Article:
I am a teacher on the senior management team in a school with special needs. Since the day my daughter has been born i have had to fight tooth and nail to see her. I was initially not allowed any access to my daughter and could not believe that despite being the named father and having parental responsibility the only way i would be able to see my daughter is through legal channels. It seems quite unfair that my ex partner is able to claim through the CSA my child support which i would never begrudge paying yet i am unable to see my daughter unless i pay more money to start a long drawn out legal procedure.

Finally after spending upwards of £2000 i now have access to my daughter but i have had to suffer the ignominy of dealing with threatening letters from the CSA when i have never once missed a payment. On top of this I have had to endure CAFCASS involvement due to my ex partner claiming there were welfare issues with regards to me seeing my daughter, this is despite the fact i manage an extremely successful department in an "outstanding" special needs school.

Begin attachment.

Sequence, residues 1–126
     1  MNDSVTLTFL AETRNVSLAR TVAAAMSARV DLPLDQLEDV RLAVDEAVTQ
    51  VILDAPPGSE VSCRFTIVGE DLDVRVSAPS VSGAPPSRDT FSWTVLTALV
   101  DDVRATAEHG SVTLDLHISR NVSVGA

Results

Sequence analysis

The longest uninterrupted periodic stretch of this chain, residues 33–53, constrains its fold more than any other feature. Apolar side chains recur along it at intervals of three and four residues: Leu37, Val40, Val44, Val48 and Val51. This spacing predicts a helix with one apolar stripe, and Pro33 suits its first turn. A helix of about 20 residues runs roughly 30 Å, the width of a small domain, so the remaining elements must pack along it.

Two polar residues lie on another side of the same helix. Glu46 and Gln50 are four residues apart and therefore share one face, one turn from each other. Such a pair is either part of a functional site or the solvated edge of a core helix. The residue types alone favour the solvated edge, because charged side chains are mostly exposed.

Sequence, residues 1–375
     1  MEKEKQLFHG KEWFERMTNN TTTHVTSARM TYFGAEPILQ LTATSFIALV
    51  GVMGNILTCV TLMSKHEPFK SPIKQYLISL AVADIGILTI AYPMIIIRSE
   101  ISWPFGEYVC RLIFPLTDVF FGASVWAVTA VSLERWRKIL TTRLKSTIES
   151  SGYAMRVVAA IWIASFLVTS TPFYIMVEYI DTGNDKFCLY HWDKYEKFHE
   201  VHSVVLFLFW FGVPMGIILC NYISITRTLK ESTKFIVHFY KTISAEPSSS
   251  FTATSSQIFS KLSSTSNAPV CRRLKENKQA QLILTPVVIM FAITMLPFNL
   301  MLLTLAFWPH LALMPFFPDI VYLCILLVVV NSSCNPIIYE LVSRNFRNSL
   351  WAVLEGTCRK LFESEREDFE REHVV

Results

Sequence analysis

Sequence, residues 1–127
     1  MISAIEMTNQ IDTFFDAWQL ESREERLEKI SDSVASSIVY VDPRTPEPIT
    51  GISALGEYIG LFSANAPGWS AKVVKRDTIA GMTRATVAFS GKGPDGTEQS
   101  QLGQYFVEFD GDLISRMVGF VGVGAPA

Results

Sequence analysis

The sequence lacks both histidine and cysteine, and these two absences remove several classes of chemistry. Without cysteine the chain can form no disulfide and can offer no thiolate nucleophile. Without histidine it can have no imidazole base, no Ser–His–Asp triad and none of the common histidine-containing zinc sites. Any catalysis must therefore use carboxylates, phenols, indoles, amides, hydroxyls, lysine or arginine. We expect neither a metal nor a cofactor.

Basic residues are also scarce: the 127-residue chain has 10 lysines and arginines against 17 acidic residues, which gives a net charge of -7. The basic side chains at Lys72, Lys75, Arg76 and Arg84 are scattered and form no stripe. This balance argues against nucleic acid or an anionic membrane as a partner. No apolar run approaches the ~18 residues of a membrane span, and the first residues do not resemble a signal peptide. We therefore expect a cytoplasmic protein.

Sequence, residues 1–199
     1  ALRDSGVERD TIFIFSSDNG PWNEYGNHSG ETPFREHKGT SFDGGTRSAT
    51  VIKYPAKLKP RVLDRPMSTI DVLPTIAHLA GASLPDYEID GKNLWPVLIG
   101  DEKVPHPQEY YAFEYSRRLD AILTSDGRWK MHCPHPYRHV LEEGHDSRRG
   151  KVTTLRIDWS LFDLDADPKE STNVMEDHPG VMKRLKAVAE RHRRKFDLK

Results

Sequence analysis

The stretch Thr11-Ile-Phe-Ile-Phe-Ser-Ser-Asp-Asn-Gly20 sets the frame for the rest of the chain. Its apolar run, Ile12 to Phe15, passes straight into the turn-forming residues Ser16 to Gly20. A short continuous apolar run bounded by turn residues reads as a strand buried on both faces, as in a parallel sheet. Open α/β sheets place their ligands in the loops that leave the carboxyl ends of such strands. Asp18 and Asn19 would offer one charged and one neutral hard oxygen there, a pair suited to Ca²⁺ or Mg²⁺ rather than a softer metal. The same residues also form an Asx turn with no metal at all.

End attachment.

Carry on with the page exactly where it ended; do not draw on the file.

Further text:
Why is it not the case that fathers are given a minimum amount of access provided they are the named person on the birth certificate. If the mother considers the father unfit to be a parent then surely they should have to prove otherwise. This is instead of the current situation where a father is required to prove their suitability, particularly when in most cases of separation the split is acrimonious and the mother has reason to be hostile.


Why is this idea important?

As a parent who loves his child immensely, who has always supported her and has been through an incredibly stressful and difficult ordeal in order to see my daughter i would ask that no other person should have to go through this.

I have been extremely lucky that i have had a loving wife and family to support me through this and that i am fortunate enough to have a job that has afforded me the opportunity to fight for some level of custody but what if i did not? Then a parent who loves his child immensely and is, and always will be an important part of her life would not allowed to be there. That is simply not fair. Fathers can make good parents too!

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